If there's one skin care ingredient that can do it all, it's retinol. Maiman says topical retinoids are the backbone of most acne regimens since they can prevent clogged pores, inflammation, and growth of acne-causing bacteria.
How so? Well, retinol interacts with the skin's receptors, beneficially altering the genes involved with inflammation and cell growth. This reduces the formation of microcomedones3, or skin pores clogged with sebum, bacteria, and dead skin cells. (Microcomedones are the precursors to all pimples, so stopping them can make a huge difference.) Retinol also exfoliates within the pores, "where slowed dead cell shedding leads to enlarged pore appearance and breakouts," says board-certified dermatologist Loretta Ciraldo, M.D., FAAD.
If you're new to retinol, consult with your dermatologist first to avoid any irritation, redness, or drying.
If you have sensitive skin, Maiman says sulfur is a great option for busting under-the-skin pimples since it's less irritating than other acne-fighting ingredients. It helps to remove oil from the surface of the skin, and it even helps to prevent blackheads, too.
Like all breakouts, under-the-skin pimples are just as inconvenient. Thankfully, there are a slew of home remedies and skin care products that can help them disappear a lot quicker. If you try these home treatments and see no improvement, it's best to consult with your local dermatologist for further steps. And remember, never, ever, ever attempt to pop your pimples, no matter what the type.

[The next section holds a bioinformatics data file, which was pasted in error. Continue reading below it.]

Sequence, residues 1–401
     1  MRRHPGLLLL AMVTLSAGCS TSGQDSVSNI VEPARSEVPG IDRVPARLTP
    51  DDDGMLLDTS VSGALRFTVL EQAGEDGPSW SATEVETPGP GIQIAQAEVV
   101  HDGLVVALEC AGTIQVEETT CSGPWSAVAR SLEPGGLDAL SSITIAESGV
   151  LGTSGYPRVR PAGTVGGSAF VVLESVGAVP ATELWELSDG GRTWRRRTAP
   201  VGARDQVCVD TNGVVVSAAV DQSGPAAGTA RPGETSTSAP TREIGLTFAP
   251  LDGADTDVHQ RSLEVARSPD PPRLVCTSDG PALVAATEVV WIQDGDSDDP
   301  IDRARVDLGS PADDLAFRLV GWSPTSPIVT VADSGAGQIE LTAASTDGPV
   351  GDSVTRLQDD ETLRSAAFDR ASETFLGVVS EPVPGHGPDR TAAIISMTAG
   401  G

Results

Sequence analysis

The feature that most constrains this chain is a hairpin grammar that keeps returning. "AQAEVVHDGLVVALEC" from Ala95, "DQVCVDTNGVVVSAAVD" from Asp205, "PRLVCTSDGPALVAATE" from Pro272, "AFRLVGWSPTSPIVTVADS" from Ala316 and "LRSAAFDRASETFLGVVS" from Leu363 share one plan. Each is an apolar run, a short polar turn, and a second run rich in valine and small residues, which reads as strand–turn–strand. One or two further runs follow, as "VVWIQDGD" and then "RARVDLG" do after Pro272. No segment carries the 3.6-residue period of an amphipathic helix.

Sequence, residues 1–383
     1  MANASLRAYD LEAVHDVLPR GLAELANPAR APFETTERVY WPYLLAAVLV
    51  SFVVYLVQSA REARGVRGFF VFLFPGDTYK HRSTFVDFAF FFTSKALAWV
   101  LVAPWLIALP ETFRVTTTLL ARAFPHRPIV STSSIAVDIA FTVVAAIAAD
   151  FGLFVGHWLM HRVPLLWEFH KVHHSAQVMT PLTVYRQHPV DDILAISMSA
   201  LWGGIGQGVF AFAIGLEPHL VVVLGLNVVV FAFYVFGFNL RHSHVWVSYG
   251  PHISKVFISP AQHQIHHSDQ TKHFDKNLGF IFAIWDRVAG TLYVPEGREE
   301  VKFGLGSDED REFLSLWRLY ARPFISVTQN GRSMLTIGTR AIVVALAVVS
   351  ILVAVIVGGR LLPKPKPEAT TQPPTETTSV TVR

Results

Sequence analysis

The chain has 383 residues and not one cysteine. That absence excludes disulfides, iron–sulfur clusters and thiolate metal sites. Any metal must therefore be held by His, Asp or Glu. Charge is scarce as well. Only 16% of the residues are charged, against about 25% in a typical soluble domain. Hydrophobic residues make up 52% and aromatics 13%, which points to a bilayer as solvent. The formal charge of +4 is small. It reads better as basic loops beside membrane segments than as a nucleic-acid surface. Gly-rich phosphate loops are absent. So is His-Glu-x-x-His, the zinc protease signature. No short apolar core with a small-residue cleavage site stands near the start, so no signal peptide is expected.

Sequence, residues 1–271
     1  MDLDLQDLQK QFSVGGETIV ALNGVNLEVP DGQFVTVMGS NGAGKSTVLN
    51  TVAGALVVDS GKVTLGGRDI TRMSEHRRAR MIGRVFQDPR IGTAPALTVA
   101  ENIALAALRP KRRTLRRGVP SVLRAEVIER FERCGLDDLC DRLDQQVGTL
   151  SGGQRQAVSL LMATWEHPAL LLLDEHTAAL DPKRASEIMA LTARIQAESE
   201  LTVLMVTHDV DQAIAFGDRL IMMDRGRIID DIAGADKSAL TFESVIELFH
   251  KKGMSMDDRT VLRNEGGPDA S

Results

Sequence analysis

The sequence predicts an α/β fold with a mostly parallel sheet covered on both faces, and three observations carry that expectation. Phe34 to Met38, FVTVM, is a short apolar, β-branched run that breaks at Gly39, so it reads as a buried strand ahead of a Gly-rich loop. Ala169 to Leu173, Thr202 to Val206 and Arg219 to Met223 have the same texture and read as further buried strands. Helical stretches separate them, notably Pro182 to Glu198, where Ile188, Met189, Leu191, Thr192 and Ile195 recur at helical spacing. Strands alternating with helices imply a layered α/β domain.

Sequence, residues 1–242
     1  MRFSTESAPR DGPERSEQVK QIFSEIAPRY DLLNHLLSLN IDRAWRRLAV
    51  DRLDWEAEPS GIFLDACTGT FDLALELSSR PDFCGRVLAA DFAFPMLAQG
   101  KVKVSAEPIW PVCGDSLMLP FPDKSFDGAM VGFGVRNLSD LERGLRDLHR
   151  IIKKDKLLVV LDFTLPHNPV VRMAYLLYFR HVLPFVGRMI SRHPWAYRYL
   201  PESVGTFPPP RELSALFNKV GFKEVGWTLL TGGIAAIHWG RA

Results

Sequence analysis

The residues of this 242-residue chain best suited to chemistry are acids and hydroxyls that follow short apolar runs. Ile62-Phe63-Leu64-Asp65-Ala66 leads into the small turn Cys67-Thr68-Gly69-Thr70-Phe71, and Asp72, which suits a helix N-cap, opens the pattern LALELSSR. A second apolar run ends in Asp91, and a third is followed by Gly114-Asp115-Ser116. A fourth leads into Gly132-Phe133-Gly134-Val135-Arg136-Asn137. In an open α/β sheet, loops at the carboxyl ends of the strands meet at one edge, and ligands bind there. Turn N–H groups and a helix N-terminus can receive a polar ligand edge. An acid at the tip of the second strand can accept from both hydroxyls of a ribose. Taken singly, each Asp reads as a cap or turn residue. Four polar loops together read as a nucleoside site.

Andrea Jordan is a beauty and lifestyle freelance writer covering topics from hair and skincare to family and home. She received her bachelor's in Magazine Journalism from Temple University and you can find her work at top publications like InStyle, PopSugar, StyleCaster, Business Insider, PureWow and OprahMag. When she's not writing, you can find Andrea tackling new recipes in the kitchen or babysitting one of her many nieces and nephews. She currently resides in New Jersey with her husband and cat, Silas.